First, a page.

Introducing: Nice White Parents – Serial

Introducing: Nice White Parents — Serial

The New York Times Company has agreed to buy Serial Productions, the company behind the hit podcast “Serial,” The Times said on Wednesday, in the paper’s latest move to broaden its digital journalism.

Rachel Abrams for The New York Times

Two birds with one stone in this announcement: Interesting to see The New York Times put their bid in the podcast space. Rather than buying a preexisting podcast network, the Times has purchased a production company. This is also better than a service exclusively buying Serial produced podcasts, like Spotify with Joe Rogan. Serial now has better financial backing to make better and more shows that will be available as an open and available podcast.

Nice White Parents sounds right up the alley of Serial-style podcasts. Excited to listen to it when it airs on July 30.

Resignation Letter – Bari Weiss

Resignation Letter by Bari Weiss

Twitter is not on the masthead of The New York Times. But Twitter has become its ultimate editor. As the ethics and mores of that platform have become those of the paper, the paper itself has increasingly become a kind of performance space. Stories are chosen and told in a way to satisfy the narrowest of audiences, rather than to allow a curious public to read about the world and then draw their own conclusions. I was always taught that journalists were charged with writing the first rough draft of history. Now, history itself is one more ephemeral thing molded to fit the needs of a predetermined narrative.

What rules that remain at The Times are applied with extreme selectivity. If a person’s ideology is in keeping with the new orthodoxy, they and their work remain unscrutinized. Everyone else lives in fear of the digital thunderdome. Online venom is excused so long as it is directed at the proper targets.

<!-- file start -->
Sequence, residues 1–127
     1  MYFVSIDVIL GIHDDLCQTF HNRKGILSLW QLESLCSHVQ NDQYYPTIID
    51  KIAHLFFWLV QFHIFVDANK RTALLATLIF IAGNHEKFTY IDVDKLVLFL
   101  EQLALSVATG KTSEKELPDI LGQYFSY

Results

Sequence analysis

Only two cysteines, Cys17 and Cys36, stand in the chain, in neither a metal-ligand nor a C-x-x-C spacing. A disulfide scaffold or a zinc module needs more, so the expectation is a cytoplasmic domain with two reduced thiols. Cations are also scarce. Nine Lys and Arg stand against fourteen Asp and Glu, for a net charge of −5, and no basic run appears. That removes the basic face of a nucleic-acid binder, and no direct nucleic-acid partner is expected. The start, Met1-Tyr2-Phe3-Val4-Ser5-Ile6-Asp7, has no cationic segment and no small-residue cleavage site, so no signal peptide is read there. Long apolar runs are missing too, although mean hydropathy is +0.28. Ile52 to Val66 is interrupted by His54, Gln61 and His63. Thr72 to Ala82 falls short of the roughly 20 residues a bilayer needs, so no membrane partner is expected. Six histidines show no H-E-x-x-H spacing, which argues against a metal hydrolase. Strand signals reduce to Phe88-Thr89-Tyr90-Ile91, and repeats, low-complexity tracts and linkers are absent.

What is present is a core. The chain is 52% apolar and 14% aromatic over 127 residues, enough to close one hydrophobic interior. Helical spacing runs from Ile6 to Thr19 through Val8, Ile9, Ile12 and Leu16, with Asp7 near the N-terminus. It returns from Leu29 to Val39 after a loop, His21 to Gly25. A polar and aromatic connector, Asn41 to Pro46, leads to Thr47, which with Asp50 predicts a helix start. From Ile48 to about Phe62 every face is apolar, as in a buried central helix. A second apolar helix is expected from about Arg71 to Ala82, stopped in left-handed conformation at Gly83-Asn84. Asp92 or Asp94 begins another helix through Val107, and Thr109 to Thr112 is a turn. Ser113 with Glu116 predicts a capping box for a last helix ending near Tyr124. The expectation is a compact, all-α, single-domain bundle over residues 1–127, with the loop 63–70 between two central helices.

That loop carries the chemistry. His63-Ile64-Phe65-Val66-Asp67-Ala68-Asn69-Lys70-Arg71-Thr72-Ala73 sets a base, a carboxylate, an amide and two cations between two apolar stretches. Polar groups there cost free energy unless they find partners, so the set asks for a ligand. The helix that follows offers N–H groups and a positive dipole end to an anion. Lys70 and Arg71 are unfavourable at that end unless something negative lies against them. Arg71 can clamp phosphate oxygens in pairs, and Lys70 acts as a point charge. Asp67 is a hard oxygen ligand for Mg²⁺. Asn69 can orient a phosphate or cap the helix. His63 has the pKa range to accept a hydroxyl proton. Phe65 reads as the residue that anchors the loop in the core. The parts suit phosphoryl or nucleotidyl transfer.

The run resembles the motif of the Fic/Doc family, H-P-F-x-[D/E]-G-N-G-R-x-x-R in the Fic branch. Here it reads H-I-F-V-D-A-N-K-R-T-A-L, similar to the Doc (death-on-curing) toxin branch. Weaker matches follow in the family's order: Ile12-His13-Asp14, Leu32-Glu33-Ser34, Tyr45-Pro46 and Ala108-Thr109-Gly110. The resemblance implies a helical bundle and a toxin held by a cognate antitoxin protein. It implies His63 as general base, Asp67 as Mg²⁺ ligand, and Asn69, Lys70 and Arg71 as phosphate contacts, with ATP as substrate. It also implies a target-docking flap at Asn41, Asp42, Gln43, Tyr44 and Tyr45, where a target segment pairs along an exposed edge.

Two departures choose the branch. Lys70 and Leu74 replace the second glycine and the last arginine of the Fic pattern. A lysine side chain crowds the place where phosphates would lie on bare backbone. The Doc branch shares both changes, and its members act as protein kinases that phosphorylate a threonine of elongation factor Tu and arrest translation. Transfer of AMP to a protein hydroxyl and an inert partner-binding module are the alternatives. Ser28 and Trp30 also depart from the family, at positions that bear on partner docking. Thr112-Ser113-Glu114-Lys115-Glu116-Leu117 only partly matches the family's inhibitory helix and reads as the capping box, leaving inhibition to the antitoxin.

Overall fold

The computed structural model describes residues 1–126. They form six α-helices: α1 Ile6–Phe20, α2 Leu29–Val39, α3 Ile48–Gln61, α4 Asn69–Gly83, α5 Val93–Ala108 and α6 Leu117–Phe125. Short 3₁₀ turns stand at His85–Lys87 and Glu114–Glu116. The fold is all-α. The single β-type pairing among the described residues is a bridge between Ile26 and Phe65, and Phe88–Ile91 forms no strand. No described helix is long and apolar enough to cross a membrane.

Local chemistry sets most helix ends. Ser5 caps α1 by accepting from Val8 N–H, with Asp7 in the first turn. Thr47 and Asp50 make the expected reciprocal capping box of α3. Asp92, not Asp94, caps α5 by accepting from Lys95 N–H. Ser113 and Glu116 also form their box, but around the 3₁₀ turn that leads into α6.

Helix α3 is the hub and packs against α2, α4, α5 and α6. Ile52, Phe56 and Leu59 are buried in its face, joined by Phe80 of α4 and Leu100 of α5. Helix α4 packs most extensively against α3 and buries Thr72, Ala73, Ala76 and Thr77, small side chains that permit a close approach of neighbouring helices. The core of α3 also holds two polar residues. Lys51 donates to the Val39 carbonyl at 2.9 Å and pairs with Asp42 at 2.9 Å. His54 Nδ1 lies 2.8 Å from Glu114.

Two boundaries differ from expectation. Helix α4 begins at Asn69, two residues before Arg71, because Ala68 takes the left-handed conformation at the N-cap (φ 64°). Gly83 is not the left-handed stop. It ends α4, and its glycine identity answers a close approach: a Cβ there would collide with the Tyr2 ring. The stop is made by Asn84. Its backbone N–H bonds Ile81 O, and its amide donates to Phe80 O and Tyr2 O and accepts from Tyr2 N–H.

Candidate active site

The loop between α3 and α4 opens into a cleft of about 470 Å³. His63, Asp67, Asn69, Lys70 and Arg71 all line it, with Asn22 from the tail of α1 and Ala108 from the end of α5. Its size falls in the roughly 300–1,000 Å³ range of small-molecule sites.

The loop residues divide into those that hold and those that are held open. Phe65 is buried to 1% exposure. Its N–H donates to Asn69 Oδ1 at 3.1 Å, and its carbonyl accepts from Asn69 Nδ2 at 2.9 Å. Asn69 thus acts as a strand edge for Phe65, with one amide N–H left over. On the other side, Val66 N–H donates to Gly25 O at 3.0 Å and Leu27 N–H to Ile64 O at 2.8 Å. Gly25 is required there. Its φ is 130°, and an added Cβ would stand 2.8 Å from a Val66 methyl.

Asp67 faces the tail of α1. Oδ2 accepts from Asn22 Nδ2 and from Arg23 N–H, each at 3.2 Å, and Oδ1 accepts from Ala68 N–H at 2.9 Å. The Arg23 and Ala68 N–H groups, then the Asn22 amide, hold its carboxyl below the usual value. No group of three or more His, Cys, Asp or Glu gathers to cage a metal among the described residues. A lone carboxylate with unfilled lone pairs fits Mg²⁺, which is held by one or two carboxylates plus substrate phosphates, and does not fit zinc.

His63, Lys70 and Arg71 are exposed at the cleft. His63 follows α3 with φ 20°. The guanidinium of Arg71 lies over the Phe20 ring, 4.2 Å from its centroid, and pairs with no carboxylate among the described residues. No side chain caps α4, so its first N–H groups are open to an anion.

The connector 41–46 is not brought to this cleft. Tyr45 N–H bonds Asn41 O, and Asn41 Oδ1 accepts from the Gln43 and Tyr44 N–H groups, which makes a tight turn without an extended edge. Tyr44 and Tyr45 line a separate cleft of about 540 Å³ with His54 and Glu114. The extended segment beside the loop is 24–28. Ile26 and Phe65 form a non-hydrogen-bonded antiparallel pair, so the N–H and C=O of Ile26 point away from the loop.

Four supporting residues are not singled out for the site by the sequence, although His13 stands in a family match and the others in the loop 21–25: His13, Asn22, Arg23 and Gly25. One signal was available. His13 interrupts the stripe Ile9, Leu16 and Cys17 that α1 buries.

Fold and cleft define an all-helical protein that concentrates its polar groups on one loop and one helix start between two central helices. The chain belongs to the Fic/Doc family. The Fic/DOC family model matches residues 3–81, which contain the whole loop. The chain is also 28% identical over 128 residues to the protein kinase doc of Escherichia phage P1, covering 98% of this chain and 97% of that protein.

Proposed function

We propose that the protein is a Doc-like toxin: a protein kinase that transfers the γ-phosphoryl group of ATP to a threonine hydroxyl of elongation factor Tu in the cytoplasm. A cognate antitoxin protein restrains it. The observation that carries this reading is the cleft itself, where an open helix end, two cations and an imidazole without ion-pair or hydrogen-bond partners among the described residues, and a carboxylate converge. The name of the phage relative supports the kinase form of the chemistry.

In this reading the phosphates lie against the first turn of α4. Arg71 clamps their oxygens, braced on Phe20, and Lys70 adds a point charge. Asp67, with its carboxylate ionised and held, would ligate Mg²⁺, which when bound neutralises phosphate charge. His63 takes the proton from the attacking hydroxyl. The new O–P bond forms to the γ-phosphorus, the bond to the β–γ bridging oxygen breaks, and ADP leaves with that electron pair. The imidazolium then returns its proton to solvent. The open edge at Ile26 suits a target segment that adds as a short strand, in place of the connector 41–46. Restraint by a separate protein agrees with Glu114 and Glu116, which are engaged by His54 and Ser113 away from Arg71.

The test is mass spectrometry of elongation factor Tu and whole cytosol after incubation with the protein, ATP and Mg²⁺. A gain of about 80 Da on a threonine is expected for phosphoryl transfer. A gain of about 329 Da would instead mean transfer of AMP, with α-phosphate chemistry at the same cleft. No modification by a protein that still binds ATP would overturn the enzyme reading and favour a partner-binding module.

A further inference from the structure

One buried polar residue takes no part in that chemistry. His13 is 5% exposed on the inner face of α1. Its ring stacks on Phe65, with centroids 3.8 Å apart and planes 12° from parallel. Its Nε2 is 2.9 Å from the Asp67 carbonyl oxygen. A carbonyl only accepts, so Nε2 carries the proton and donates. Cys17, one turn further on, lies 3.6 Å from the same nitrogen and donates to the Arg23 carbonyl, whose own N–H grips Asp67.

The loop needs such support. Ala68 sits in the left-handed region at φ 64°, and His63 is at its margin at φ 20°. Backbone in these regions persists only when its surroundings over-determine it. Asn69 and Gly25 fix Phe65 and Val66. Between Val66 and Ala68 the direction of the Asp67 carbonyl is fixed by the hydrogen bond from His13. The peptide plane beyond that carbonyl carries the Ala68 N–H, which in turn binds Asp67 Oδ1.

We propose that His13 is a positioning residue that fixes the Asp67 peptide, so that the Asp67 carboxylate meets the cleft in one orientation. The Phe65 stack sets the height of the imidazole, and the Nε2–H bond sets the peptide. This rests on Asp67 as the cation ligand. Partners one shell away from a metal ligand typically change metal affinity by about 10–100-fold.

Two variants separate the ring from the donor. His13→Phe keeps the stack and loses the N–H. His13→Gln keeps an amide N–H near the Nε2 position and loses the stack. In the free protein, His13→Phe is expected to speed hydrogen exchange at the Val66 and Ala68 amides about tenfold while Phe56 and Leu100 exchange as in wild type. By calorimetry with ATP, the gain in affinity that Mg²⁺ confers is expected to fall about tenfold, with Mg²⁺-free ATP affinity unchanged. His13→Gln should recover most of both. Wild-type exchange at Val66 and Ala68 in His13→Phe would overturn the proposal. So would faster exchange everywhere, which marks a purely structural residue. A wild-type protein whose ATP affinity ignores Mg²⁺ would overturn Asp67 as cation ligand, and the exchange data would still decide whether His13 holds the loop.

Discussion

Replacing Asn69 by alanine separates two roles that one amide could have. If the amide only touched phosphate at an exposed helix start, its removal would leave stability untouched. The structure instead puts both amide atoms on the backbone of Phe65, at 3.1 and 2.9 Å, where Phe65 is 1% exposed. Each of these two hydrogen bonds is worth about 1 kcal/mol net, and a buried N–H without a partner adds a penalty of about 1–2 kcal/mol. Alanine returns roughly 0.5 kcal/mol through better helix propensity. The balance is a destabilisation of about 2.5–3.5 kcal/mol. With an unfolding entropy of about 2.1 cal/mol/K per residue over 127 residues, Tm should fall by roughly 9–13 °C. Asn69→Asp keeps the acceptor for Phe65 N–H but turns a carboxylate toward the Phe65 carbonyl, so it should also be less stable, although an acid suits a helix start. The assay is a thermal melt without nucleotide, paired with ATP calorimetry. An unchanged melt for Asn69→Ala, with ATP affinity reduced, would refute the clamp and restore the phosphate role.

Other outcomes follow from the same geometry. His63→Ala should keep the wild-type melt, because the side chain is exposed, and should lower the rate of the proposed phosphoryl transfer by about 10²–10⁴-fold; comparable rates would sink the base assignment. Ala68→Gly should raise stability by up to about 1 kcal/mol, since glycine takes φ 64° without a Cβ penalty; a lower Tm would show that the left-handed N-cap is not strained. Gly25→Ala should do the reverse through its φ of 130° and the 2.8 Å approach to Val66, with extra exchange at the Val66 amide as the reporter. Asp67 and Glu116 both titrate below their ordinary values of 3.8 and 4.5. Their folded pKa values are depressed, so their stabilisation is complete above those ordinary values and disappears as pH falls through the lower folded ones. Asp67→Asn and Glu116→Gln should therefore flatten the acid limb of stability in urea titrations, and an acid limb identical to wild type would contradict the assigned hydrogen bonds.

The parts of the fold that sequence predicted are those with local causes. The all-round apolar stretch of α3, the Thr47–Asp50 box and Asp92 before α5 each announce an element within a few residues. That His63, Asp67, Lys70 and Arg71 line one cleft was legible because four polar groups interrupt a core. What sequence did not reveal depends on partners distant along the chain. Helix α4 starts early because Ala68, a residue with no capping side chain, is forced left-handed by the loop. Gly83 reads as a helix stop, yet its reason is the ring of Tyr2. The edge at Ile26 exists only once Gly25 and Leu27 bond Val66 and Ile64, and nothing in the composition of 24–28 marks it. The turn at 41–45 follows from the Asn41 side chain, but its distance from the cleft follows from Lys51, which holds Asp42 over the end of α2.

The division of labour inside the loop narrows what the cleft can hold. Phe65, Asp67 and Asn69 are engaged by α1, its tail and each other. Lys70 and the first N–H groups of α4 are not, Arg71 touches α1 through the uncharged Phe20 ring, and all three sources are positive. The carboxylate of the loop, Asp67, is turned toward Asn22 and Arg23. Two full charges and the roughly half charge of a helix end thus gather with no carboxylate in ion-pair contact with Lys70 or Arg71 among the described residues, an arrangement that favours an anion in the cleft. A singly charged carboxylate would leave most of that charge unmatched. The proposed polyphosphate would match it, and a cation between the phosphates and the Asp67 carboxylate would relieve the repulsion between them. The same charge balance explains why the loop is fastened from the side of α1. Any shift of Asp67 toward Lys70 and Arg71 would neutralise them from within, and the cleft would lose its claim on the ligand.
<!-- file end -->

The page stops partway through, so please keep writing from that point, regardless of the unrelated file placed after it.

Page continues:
I’m no regular read of The New York Times: I had never heard of Bari Weiss before today. I became aware of this letter (ironically) through Twitter. Weiss’ words ring true with me though in the types of exchanges I see on social platforms more and more. I feel like this behavior and mentality happens consistently within the video game industry, its journalism aspect included. Outrage and dogpiling are regular events to observe.

Weiss’ letter is a far more eloquent, well-thought, and lived than my own writing. I did voice my own frustration last month in a post titled 280 Characters is Not Enough. The court of public opinion is operating with a “shoot first, never ask questions” mandate that is killing off all the principles I was taught while earning my own degree in journalism.

Post Office Delivery Trucks Keep Catching on Fire – VICE

Post Office Delivery Trucks Keep Catching on Fire: by Aaron Gordon for VICE

About 8 months ago, I got a handwritten letter through the mail on a blank piece of paper with one sentence: “File a FOIA with USPS for LLV truck fires.” 4,000 pages of documents later, here’s the story

Aaron Gordon via Twitter

This is some Deep Throat style reporting.

In 125 cases, the trucks were so thoroughly destroyed that the investigators were unable to identify a probable fire cause. Of the remaining 282 fires where investigators could identify a likely cause, the only pattern was that there was no pattern.

The fires occurred in hot and cold climates, at the beginning and ends of shifts, in the battery compartments, dashboards, and fuel pumps, and in vehicles that had both been recently maintained and were overdue for a check-up. They occurred on rural routes and city streets all over the country.

Although one engineering report found occasional lax maintenance practices that may have resulted in an increase in the number of fires, the most likely explanation for the fires is that the trucks are simply too old and are deteriorating on the road.

Besides being crazy, this story caught my attention because I personally know a mailperson. Ironic that the initial tip was sent using the USPS. It seems like it could have burst into flames before Gordon could have even read it.